Dignity of (School) Work

Well, it is just about time to go back to school. I am sure there is a mixture of emotions as the warm summer evenings wane toward fall. I have always loved school. I looked forward to getting my supplies ready and anticipating what my new teachers and classes could be like. Even still, I would get nostalgic about the summer past and the memories I created in my time away from class bells and cafeteria food. As soon as I got back in the classroom, however, I was reminded of the dignity that comes with hard work.

What were the biggest blessings of summer for you?

What are you looking forward to this fall?

There is great dignity in the leisure of summer, but there is also great dignity in the work of school. In fact, the dignity of work is one of the major tenants of Catholic Social Teaching. The Dignity of Work in Catholic Social Teaching declares that all humans have a right to work, safe working conditions and living wages. Workers have a right to organize and form unions. In turn, workers are responsible for contributing a day of fair labor that works toward the common good of the society.

When in history has this principal not been upheld in our country?

What job industries do not pay a fair, living wage?

Are there job industries that you see not working toward the common good of society?

While I was in high school, my friend’s parents ran a food stand at our Minnesota State Fair. In addition to my job coaching six hours a day, I would do eight hour shift everyday at their food stand for the two weeks of the Fair. For those two weeks, I was reminded what the working poor go through in our country. All I did for those two weeks was work, eat and sleep. I was perpetually exhausted, and noticed my daydreaming of the future and philosophizing about the world halted, replaced by thoughts about survival. It helped me be compassionate toward people working two minimum wage jobs to make ends meet for their families.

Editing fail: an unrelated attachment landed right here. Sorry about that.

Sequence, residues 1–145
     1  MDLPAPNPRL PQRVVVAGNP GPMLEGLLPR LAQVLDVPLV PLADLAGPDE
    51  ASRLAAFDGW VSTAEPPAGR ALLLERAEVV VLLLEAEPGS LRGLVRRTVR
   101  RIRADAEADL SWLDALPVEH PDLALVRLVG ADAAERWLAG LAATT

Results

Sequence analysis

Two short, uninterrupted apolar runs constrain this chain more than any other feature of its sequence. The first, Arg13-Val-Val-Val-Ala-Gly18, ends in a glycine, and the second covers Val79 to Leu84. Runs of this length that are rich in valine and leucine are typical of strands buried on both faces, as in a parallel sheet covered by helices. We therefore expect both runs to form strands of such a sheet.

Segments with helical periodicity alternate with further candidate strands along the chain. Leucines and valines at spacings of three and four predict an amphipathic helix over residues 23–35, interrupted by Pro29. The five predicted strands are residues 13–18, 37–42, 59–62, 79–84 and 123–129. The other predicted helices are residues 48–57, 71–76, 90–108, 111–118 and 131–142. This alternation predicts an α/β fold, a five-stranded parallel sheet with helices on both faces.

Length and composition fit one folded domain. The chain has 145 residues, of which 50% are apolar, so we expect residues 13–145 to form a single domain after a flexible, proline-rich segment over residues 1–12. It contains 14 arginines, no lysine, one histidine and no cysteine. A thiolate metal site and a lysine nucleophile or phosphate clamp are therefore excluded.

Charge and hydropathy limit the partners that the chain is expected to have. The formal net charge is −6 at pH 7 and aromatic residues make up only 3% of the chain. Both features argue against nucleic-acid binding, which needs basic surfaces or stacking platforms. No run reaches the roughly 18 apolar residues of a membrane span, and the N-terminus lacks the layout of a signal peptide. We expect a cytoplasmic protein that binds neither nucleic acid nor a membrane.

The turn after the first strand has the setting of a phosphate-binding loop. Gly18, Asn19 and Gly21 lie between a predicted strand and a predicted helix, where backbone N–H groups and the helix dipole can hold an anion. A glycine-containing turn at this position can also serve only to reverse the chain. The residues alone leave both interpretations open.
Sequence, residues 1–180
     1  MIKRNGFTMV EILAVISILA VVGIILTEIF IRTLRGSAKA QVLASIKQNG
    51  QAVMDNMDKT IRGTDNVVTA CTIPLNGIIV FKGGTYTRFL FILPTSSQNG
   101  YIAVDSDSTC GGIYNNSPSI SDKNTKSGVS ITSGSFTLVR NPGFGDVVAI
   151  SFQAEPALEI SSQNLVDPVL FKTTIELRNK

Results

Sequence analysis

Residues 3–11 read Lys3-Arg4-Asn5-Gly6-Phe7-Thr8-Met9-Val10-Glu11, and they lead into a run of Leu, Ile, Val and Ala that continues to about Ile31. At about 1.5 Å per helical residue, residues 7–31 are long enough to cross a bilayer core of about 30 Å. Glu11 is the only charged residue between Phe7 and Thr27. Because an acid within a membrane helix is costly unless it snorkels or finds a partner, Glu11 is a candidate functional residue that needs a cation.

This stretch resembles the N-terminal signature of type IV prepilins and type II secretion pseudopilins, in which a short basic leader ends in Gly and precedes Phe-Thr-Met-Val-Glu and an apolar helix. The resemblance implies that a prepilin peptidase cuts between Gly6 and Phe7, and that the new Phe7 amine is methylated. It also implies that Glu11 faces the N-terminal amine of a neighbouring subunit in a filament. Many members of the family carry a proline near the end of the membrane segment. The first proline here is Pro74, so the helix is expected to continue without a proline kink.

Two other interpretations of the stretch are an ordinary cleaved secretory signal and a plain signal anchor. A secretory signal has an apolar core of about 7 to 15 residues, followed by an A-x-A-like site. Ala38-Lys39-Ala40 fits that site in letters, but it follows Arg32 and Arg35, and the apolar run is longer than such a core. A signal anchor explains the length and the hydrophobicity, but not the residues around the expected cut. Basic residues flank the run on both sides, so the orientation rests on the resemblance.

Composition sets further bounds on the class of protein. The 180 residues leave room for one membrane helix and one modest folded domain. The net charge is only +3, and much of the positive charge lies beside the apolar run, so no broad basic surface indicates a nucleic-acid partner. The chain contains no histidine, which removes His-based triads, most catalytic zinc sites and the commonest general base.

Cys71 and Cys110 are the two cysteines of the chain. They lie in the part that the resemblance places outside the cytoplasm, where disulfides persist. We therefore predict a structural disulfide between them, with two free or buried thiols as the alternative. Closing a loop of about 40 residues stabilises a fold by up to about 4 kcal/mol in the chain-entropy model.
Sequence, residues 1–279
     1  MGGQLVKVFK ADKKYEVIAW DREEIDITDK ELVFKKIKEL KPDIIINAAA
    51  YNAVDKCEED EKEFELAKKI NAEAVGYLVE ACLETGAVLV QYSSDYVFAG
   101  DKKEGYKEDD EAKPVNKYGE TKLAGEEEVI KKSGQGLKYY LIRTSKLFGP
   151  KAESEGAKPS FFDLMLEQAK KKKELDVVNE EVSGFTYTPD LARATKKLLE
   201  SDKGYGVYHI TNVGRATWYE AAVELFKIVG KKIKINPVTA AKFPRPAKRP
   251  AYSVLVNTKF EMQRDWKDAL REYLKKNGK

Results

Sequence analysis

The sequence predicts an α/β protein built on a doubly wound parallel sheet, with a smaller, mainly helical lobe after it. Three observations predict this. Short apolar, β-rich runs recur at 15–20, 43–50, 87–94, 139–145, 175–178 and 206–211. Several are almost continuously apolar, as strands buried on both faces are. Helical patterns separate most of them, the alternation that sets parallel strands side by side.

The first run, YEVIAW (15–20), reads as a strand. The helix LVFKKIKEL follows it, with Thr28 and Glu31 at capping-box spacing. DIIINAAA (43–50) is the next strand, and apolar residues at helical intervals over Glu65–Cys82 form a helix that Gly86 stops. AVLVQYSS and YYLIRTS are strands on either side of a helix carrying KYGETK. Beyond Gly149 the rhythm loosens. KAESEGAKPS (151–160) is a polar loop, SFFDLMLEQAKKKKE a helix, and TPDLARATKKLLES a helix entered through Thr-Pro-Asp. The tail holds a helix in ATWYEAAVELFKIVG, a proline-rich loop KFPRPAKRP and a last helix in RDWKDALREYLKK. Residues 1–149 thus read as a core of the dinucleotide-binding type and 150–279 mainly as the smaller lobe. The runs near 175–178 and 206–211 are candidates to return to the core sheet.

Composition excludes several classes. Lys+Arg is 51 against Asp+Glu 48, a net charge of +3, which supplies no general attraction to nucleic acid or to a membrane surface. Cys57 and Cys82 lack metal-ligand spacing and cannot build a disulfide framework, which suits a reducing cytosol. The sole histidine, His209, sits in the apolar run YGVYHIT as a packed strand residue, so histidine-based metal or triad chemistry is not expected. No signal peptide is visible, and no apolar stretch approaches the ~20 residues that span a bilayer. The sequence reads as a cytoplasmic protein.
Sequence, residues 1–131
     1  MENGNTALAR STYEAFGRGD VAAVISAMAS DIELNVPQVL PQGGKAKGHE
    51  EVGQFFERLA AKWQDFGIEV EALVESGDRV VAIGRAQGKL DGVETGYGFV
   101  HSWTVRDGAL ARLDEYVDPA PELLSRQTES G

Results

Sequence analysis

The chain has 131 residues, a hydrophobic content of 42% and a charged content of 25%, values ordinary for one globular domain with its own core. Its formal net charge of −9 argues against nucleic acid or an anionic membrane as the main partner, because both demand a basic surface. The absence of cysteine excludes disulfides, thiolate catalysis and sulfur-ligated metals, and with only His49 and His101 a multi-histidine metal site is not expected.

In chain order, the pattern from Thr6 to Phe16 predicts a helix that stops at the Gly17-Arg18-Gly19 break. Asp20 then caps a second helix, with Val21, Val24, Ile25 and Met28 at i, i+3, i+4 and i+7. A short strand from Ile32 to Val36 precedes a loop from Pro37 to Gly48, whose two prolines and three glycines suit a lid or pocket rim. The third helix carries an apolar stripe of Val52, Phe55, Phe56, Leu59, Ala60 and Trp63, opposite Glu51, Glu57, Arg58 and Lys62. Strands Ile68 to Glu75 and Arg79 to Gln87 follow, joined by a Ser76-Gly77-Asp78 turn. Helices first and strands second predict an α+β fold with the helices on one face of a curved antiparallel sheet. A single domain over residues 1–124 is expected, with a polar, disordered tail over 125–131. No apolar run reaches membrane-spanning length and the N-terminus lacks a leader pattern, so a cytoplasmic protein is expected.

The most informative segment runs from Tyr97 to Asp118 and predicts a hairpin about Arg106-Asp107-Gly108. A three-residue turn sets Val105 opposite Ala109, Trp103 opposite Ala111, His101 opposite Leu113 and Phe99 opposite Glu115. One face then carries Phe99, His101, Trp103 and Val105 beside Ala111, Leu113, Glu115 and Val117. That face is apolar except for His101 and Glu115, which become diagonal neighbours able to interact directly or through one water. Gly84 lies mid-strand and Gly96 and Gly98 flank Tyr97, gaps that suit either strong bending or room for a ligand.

Many students work to help earn wages for their families during high school, and that makes studying and socializing very difficult. Yet it is exciting to know that we live in a society that values our education enough to make that the main work of young people. There is dignity in schoolwork, in expanding the mind. That is what young people can do, in part, to contribute to the common good of society. As I stated in my last few posts, I spent the summer in Kenya, a country that does not require young people to go to high school. Many countries in the world do not have free options for school available to youth. As we claim our own education this fall, let us also keep in mind the young people, in our country and beyond, who are not getting access to an excellent education.

Do you feel that your school work has dignity?

Do you think that claiming your education is contributing to the common good?

What would it look like to claim your education this school year?

 

Photo courtesy of DrJohnBullas via Creative Commons License

One thought on “Dignity of (School) Work

  1. […] social teaching also recognizes the dignity of work. As Ellie Roscher described it in her post on “Dignity of (School) Work,” the social teaching on the dignity of work “declares that all humans have a right to work, […]

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